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Wednesday, September 17, 2014

you CAN teach an old dog new tricks!

     Despite the old adage contrary to this statement I am convinced that learning can happen at any age!  Not only do I see this with the population of older adults that I work with but now I am part of that group having turned 60 this year. Not only is it possible it is crucial to maintaining a good quality of life AND in the case of RA, to managing the ever changing world of chronic disease.
     Keeping up with the latest news, treatments, management strategies, etc. should be as important to each of us as taking our medications, exercise and diet.  To illustrate this, simply look back over the last two decades of treatment options promoted by rheumatoligists and you will see the sweeping changes that have occurred in the world of our disease.  It is nothing short of stunning the many advances that have been made in the relatively short time period from new medications to when to start aggressive treatment to alternative options, the list is long and impressive!

     In chatting with some of our RA Support Group members who have had the disease for 25+ years and/or their older family members who suffered it with it is amazing to hear the way RA was once treated.  Not only were the medications different (which frankly is not surprising) but so many other aspects have changed!  At one time, people were sent to rehab places and essentially told to stay in bed when in pain because it was believed that any weight on the joints would make it more painful.  Now, of course, we know that has very little to do with flaring since it has been determined that RA is autoimmune in nature.  
     Exercise is yet another example of "learning new tricks".  It is now well known that staying physically active is a key strategy in not only surviving RA but enhancing the quality of life and remaining healthy and fit - physically AND mentally!  And yet not long ago the idea of exercising with RA was totally contrary to popular thought.
     I have to also mention the value of innovation and technology.  I find that many of the newest technologies have been very helpful to me, not only medical ones but also in terms of electronic devices like my phone and computer.  The easy use and soft touch they involve have been life savers and actually have allowed me to continue to work even when my hands were flaring pretty badly.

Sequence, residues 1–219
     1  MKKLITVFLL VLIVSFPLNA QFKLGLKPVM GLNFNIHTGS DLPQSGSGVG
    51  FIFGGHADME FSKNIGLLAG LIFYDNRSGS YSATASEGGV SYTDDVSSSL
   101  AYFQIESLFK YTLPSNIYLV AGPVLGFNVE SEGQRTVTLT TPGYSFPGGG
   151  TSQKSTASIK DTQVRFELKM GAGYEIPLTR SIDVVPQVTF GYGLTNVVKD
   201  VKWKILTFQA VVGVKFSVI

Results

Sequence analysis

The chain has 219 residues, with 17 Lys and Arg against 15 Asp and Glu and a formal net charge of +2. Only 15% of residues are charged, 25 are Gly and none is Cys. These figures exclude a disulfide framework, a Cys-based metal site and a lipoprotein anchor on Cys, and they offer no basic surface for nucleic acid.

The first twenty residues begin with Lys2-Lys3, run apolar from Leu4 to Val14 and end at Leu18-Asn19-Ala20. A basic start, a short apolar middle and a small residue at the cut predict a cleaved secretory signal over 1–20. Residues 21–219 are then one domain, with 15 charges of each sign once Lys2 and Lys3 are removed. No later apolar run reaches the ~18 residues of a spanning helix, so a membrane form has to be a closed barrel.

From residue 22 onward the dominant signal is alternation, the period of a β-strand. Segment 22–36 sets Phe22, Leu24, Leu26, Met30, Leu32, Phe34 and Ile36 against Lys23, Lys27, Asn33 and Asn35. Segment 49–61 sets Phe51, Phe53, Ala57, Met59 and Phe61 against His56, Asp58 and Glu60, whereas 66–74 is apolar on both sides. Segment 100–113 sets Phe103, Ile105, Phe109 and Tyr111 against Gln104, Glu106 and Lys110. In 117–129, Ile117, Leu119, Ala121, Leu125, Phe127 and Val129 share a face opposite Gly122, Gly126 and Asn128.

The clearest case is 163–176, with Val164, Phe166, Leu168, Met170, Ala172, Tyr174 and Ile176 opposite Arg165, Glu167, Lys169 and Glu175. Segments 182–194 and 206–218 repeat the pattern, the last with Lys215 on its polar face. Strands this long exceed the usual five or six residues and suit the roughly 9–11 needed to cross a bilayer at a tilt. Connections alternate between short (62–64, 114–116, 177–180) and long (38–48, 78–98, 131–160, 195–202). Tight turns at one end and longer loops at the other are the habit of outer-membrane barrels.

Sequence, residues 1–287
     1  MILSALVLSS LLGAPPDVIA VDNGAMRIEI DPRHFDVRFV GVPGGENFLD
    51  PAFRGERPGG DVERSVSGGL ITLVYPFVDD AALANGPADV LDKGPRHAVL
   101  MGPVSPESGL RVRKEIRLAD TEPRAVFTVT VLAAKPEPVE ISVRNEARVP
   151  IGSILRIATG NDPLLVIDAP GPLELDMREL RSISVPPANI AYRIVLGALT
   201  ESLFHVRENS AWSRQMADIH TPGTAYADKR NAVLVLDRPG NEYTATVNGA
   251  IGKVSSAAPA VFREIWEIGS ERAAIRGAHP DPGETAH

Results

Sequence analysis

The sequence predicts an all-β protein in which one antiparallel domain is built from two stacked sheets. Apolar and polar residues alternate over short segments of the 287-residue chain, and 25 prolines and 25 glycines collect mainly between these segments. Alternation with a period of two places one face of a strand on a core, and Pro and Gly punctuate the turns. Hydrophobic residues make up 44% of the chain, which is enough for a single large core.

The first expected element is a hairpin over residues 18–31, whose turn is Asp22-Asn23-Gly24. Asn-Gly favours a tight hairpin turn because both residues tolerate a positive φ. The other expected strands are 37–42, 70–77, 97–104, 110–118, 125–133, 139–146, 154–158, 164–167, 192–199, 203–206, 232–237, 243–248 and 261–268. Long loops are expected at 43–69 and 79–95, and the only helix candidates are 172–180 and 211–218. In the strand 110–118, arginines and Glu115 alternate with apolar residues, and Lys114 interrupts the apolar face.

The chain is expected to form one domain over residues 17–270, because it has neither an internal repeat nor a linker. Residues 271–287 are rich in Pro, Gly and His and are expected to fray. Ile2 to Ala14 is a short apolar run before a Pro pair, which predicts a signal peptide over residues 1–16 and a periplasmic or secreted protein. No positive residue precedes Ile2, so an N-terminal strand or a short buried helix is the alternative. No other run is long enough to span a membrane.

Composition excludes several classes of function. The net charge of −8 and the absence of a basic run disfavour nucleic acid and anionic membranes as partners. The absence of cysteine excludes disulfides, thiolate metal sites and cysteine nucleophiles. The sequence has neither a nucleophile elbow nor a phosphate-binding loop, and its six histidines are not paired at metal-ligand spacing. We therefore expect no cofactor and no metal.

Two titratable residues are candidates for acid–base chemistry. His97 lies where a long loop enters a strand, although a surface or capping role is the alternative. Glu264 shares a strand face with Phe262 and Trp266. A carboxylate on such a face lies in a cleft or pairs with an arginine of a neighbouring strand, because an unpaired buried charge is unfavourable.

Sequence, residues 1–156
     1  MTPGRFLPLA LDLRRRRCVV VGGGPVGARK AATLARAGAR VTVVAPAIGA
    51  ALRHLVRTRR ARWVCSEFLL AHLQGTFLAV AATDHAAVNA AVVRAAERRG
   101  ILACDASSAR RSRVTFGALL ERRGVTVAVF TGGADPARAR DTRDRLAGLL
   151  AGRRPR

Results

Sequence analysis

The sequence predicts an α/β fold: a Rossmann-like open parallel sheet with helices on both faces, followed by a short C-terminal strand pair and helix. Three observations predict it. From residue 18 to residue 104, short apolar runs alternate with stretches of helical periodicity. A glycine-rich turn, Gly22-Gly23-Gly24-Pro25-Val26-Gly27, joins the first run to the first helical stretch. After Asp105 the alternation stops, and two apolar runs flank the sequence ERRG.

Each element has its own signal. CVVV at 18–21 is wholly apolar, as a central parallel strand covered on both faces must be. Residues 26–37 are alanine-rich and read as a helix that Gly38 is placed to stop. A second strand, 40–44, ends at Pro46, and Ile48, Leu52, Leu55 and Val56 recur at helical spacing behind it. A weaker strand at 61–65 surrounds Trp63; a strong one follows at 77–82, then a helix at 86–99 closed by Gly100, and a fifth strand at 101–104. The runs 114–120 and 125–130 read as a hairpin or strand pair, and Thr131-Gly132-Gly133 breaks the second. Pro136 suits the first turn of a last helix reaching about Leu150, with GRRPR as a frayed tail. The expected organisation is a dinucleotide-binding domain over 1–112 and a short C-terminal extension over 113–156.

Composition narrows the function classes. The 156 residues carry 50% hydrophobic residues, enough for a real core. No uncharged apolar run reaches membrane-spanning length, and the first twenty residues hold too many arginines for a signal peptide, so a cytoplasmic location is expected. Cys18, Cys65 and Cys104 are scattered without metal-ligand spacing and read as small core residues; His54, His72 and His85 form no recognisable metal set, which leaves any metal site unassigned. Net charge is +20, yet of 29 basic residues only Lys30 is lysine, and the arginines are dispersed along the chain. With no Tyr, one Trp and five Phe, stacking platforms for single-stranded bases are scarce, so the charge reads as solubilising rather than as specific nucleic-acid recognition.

I actually like new ideas, plans, etc. for the most part.  I have learned, in no small measure due to RA, that change can be "just what the doctor ordered" and to embrace it is a lot less stressful than fighting it.  This is not a lesson that came easily to me.  Only after having multiple surgeries and changing medications numerous times and being forced to switch exercise choices have I learned that to not accept and move forward with these changes can be so stress inducing it will actually cause setbacks and unnecessary and avoidable anxiety.  No thanks!  
     By allowing ourselves to embrace change we truly invite new thoughts and actions which in turn lead to a better life with a much better handle on our RA in all its "colors"!  Entering through the "new doors" will only make our management of RA that much more complete and successful.
     What actually prompted this whole train of thought today was my most recent episode of anxiety that lasted for several weeks unchecked.  I had decided, despite know this was not likely a wise choice, to "keep it to myself" and try to get it under control without benefit of sharing with anyone. Now I knew from past experiences in many other aspects of my life and contrary to even my own advice to others, that this was probably a bad decision.  Be that as it may, I still determined to buck up and try to do some self talk and other strategies to see if I could handle it on my own.  Well, two weeks into it I was chatting with a dear friend and it just all bubbled up, tears and all.  She was her usual patient, compassionate self and I found the anxiety falling away as we chatted.  Much to my surprise, it has not returned to any significant degree since!  So now I know yet another strategy to cope with anxiety and will take advantage of this in the future.  Thus my conclusion that you CAN teach an old dog new tricks!